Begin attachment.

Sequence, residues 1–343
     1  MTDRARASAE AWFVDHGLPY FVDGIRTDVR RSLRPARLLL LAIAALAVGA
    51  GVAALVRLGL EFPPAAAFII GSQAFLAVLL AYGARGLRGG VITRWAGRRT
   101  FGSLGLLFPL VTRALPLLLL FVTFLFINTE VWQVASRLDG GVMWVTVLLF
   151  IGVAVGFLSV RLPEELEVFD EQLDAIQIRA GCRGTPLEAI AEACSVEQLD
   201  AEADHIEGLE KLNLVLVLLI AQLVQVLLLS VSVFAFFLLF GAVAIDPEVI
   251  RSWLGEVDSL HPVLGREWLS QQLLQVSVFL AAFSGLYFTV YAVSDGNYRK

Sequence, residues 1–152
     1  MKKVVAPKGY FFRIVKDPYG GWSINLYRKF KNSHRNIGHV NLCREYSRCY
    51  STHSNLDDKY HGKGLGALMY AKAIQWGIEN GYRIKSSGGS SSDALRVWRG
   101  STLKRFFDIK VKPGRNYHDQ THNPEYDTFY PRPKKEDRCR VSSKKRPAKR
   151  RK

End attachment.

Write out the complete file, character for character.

Sequence, residues 1–343
     1  MTDRARASAE AWFVDHGLPY FVDGIRTDVR RSLRPARLLL LAIAALAVGA
    51  GVAALVRLGL EFPPAAAFII GSQAFLAVLL AYGARGLRGG VITRWAGRRT
   101  FGSLGLLFPL VTRALPLLLL FVTFLFINTE VWQVASRLDG GVMWVTVLLF
   151  IGVAVGFLSV RLPEELEVFD EQLDAIQIRA GCRGTPLEAI AEACSVEQLD
   201  AEADHIEGLE KLNLVLVLLI AQLVQVLLLS VSVFAFFLLF GAVAIDPEVI
   251  RSWLGEVDSL HPVLGREWLS QQLLQVSVFL AAFSGLYFTV YAVSDGNYRK

Sequence, residues 1–152
     1  MKKVVAPKGY FFRIVKDPYG GWSINLYRKF KNSHRNIGHV NLCREYSRCY
    51  STHSNLDDKY HGKGLGALMY AKAIQWGIEN GYRIKSSGGS SSDALRVWRG
   101  STLKRFFDIK VKPGRNYHDQ THNPEYDTFY PRPKKEDRCR VSSKKRPAKR
   151  RK